The major business of the NATO Summit will be the new Strategic Concept, which will replace the one agreed in 1999. NATO has undergone a process over the past year leading to this point, a process which has, unfortunately, been far less open and democratic than it could have been. A chance for a major political revitalization of the Alliance has been lost, as parliaments and civil society have not been given the chance to input into the process in any meaningful way – thus buy-in by the political class is very limited. The latest relaunch of the NATO presence in Afghanistan is also on the agenda. NATO Secretary General Anders Fogh Rasmussen briefed the press earlier this week:
The Summit will put in place an Alliance that is more effective, more engaged and more efficient. More effective because NATO will invest in key capabilities like missile defence, cyber defence and strategic and tactical airlift. More engaged because NATO will reach out to connect with our partners around the globe, countries and other organizations. And more efficient because we are cutting fat, even as we invest in muscle. For example, by slimming down our command structure by about 5,000 personnel.
A decision to develop a NATO-based missile defence to protect our populations would be a major step. It would make our territorial defence even more effective and it would bind the allies even stronger together. And the decision to reform and rationalise our command structures, our agencies, and our headquarters will make the Alliance fit for purpose and ready to meet the security challenges of the 21st Century.
All of that will be enshrined in the new Strategic Concept. The new Strategic Concept will guide the Alliance for the next decade. It will serve as a lever for continuous reform towards a more effective, efficient and flexible Alliance so that our taxpayers get the most security for the money they invest in defence. Which makes the new Strategic Concept a key outcome of the Summit.
(The full Press Conference can be seen here.)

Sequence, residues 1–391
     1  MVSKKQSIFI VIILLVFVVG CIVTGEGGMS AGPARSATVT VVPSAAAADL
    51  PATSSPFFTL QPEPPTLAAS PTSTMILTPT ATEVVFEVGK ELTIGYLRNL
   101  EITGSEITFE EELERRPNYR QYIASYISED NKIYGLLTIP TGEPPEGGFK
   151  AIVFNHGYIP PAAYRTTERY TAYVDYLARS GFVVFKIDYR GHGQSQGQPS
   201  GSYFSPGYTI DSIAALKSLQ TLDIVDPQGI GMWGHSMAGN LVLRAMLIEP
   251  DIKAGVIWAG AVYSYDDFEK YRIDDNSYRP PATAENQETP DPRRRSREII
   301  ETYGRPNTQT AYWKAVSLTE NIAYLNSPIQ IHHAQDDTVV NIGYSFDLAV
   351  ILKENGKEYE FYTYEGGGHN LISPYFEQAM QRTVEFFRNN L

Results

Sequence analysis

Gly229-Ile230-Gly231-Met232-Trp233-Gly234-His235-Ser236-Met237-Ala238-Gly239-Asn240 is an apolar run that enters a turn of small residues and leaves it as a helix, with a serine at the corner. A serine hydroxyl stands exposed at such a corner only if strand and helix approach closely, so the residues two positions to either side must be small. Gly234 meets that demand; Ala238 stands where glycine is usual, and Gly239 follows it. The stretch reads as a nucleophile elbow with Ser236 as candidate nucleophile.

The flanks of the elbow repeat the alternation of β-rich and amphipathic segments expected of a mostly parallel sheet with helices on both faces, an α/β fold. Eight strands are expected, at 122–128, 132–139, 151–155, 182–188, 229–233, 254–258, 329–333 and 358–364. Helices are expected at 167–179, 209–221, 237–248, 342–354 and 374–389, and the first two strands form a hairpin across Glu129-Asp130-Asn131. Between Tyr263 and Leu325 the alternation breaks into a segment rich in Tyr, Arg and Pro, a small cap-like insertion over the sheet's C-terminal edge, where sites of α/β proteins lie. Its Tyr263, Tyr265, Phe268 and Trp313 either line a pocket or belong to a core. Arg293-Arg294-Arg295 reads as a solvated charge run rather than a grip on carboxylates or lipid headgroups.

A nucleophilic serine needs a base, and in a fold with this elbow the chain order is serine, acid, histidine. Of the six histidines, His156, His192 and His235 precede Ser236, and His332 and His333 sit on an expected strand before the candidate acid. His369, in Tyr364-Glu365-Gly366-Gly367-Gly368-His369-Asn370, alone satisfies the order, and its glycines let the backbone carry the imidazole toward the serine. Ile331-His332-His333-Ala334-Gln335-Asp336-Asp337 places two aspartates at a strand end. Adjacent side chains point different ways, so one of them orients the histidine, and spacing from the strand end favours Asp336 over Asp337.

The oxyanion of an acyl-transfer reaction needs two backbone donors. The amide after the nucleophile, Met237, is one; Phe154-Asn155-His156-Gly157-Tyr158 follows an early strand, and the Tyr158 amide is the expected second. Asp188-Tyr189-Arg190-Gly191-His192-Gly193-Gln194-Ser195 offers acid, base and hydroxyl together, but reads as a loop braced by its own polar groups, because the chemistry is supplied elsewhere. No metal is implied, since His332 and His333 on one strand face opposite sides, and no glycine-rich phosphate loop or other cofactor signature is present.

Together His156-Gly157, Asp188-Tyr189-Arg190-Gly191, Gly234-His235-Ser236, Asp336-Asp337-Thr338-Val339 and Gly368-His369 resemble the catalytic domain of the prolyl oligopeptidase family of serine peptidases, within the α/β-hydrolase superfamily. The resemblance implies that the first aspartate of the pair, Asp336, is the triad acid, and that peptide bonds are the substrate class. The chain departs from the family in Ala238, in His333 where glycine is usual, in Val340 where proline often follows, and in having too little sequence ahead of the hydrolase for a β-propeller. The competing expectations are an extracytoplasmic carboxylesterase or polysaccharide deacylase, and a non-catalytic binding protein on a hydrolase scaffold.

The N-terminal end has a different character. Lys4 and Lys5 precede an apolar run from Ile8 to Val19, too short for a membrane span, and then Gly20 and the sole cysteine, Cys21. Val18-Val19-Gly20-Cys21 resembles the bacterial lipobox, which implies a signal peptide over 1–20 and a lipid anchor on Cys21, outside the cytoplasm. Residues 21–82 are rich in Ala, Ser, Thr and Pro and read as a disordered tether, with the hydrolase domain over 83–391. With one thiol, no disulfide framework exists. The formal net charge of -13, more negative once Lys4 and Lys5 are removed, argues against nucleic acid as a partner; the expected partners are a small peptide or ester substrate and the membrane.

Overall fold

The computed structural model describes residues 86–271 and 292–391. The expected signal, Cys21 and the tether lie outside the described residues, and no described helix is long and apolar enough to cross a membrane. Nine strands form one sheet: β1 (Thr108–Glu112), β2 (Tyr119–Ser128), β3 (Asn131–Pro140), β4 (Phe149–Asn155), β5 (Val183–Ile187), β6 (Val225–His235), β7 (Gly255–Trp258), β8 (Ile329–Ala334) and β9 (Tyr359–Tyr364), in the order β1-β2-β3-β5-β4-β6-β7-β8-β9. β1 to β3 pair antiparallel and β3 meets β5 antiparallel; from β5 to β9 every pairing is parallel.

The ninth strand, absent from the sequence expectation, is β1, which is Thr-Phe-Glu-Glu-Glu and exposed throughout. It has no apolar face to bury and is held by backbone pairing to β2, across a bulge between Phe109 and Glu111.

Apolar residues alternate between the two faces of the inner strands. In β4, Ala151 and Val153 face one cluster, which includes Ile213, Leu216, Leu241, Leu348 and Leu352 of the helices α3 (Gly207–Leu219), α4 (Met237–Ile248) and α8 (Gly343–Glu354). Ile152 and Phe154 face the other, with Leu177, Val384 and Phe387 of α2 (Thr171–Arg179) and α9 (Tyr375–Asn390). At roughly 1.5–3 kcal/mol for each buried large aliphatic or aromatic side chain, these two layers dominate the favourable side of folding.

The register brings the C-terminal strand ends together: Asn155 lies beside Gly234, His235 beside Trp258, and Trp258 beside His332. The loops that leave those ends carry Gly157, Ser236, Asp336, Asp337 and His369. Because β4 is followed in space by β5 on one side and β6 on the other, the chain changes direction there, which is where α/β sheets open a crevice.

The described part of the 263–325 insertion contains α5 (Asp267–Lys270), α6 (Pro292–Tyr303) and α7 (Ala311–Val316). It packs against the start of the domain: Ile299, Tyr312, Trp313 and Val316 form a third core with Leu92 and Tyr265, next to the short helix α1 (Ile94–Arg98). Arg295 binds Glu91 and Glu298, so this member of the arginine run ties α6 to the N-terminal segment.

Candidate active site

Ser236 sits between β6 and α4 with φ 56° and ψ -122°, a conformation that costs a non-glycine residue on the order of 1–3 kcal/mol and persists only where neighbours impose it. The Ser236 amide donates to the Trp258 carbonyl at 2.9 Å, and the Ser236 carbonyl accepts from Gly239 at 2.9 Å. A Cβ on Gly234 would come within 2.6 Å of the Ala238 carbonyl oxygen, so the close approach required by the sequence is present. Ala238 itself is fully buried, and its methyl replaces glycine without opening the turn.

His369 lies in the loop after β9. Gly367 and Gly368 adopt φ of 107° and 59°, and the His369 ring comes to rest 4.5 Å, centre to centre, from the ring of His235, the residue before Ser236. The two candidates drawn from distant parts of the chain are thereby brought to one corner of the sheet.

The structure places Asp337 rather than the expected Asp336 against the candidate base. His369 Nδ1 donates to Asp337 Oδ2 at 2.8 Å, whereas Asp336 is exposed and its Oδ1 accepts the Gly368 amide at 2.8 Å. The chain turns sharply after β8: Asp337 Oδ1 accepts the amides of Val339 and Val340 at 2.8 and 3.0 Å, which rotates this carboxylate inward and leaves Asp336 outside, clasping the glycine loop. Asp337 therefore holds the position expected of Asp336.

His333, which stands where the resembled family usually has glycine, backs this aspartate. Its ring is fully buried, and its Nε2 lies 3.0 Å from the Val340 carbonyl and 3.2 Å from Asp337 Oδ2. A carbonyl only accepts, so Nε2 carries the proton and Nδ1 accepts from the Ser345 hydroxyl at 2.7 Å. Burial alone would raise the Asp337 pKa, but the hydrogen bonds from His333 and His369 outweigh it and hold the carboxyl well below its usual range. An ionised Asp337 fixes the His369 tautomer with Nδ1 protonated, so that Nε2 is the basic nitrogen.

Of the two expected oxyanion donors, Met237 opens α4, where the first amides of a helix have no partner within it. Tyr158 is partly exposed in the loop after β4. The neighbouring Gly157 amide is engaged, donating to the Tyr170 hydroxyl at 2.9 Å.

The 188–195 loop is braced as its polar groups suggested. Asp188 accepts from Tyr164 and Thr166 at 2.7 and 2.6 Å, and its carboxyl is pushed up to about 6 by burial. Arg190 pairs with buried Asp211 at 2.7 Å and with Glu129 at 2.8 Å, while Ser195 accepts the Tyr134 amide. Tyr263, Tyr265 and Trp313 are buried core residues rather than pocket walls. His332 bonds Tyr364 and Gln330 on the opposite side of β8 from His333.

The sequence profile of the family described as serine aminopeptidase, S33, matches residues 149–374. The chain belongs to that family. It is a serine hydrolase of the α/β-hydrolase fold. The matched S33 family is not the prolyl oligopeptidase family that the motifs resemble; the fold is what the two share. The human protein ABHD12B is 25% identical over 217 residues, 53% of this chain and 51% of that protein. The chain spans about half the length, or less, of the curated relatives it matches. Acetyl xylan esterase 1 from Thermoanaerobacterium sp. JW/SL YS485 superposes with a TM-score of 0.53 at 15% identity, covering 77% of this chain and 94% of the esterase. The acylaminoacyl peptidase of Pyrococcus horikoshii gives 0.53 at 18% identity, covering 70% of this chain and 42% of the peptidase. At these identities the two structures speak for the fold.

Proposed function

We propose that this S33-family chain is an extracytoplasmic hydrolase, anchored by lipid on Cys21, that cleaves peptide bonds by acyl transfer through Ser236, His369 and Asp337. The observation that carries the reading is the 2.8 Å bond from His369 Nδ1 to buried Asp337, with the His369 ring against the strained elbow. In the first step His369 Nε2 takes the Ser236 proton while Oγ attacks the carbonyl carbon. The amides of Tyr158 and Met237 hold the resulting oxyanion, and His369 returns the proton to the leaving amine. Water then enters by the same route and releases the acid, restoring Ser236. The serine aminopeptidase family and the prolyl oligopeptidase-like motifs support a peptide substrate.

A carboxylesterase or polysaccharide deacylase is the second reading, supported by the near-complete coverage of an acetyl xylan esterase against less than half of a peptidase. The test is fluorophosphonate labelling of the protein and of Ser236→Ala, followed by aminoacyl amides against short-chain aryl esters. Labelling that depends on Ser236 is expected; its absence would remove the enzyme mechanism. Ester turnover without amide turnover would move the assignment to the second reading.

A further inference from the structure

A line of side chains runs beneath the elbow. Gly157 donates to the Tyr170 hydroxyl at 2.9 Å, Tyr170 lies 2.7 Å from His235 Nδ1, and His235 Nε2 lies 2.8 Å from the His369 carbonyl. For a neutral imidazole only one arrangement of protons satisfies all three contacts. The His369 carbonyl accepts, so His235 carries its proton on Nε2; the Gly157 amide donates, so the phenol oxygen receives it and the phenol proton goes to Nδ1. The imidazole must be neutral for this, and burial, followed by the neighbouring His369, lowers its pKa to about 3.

Significant problems remain before the Summit Communique can be issued. One of the trickiest is missile deefence. Turkey will only agree to allow the missile defence programme to go ahead if NATO says nothing about potential missile threats - while the US is intent on naming Iran as the source of potential missile threats to NATO. Turkey must also agree to host a radar for the system to be effective for the whole of NATO territory, something so important to the Alliance that it broke the proposed mid-course missile defence system the Bush administration wanted to deploy in Europe.
"We do not perceive any threat from any neighbor countries and we do not think our neighbors form a threat to Nato," says Turkish foreign minister Ahmet Davutoglu.Turkey fears that Iran, an important trade partner will be angered if it goes ahead with the NATO missile defence programme. They also want the US to put pressure on Germany and France to allow an advance on Turkish negotiations for EU membership in return for concessions in NATO - something very unlikely to succeed. You can read about their position in depth here.)
However, even if a deal can be done with the Turks, there are other problems to solve. Notably, the French are insistent that the missile defence programme is not in any way seen as replacing nuclear weapons as a deterrent to attack. France. The US sees BMD programmes as enhancing deterrence, France does not. It fears that pressure to reduce and eliminate its nuclear forces will grow if it accepts that missile defences can play such a role. Dealing with this objection will be a difficult part of the Summit's work. A discussion of the French-German talks on the topic can be found here.